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Starting a business means taking a risk – one that can have significant rewards. Fortunately, certain types of insurance can help protect your business, and reduce the risk you assume when you become your own boss. Here are a few types insurance you may want to consider:
A business owners’ policy (BOP) can cover liability risks, and property risks, such as fire, lightning, vandalism, and theft. It may also reimburse you if your business is temporarily shut down.
If you have employees, you’re required (in all states except Texas) to buy workers’ compensation insurance. With this coverage, an employee injured at work will receive wage replacement income and reimbursement for medical expenses.
If you use an automobile for business purposes, your personal auto insurance may not cover you in an accident. A commercial auto insurance policy can help cover liability costs resulting from accidental damage.
Also known as errors and omissions (E&O) insurance, professional liability coverage will help protect you from financial loss due to alleged malpractice or negligence claims. This is especially important if your business provides certain types of personal services, such as a medical practice or a counseling firm.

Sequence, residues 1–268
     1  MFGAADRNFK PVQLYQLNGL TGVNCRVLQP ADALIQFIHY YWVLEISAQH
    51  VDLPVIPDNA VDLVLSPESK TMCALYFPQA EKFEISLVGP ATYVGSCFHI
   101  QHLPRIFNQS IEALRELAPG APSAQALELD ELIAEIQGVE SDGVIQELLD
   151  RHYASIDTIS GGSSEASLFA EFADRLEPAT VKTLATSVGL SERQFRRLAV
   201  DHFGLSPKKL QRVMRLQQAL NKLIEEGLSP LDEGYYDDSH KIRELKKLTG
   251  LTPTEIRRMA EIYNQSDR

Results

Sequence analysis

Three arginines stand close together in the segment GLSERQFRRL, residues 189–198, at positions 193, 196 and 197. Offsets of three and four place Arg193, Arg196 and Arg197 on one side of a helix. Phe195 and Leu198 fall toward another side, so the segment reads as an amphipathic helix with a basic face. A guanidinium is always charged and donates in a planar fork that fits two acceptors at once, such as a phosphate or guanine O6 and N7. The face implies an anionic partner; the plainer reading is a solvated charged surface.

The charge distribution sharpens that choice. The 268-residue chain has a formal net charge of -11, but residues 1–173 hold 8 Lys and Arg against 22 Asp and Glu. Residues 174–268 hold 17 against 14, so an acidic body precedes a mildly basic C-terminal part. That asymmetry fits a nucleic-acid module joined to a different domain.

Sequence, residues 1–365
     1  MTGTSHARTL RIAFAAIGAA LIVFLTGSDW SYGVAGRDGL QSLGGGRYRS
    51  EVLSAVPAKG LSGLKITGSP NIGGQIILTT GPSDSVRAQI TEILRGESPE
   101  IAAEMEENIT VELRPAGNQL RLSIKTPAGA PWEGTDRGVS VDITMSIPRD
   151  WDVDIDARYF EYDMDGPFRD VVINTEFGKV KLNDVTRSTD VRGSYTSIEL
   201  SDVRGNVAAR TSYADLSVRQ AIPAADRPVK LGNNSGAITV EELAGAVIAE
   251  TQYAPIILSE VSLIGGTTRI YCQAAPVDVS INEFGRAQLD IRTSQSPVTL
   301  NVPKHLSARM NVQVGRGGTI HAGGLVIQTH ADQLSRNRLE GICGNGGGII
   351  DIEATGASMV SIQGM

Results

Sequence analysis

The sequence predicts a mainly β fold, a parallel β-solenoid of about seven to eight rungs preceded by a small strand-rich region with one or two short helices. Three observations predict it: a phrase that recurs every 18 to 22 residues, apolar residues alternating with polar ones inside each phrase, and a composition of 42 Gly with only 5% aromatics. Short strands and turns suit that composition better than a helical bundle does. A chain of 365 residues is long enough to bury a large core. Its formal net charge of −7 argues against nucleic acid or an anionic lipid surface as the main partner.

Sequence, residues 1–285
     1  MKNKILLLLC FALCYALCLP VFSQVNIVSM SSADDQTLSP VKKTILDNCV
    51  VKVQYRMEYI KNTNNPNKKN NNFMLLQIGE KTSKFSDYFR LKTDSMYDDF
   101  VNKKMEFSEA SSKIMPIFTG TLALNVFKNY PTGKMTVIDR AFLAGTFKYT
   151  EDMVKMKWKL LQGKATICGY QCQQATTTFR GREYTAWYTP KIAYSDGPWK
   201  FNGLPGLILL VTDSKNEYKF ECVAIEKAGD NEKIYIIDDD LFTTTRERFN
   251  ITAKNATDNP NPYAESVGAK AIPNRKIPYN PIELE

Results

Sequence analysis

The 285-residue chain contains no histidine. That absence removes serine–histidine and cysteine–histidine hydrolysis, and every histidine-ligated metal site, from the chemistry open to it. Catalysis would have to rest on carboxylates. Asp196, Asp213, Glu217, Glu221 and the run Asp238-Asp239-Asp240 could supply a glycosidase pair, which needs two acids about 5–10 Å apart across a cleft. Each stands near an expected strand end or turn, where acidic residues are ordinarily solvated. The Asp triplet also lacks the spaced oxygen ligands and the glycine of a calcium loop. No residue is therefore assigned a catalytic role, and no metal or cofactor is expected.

If you run your business from your home, your homeowners insurance may not cover your business property or business liability. To protect your business, it may be smart to take out a policy specifically for your home-based business.
If one of your most crucial employees dies or becomes disabled, life and disability insurance can help cover the financial losses to your business that may accompany the disruption.
Purchasing insurance protection can help you feel more confident that the business you build will survive short-term setbacks and continue to grow for years to come.
The Wells Fargo Business Insight Resource Center offers free access to one of the most extensive online offerings of advice and information to help manage and grow your business.
Information and views are general in nature for your consideration and are not legal, tax, or investment advice. Wells Fargo makes no warranties as to accuracy or completeness of information, does not endorse any non-Wells Fargo companies, products, or services described here, and takes no liability for your use of this information. Information and suggestions regarding business risk management and safeguards do not necessarily represent Wells Fargo's business practices or experience. Please contact your own legal, tax, or financial advisors regarding your specific business needs before taking any action based upon this information.
Wells Fargo & Company or its affiliates do not provide tax advice. Please see your tax advisor to determine how this information may apply to your own situation.
Wells Fargo Insurance, Inc. (Minneapolis, MN) is a licensed agency that represents — and is compensated by — the insurer based on the amount of insurance sold.
Please review your insurance policies carefully as coverage and exclusions vary.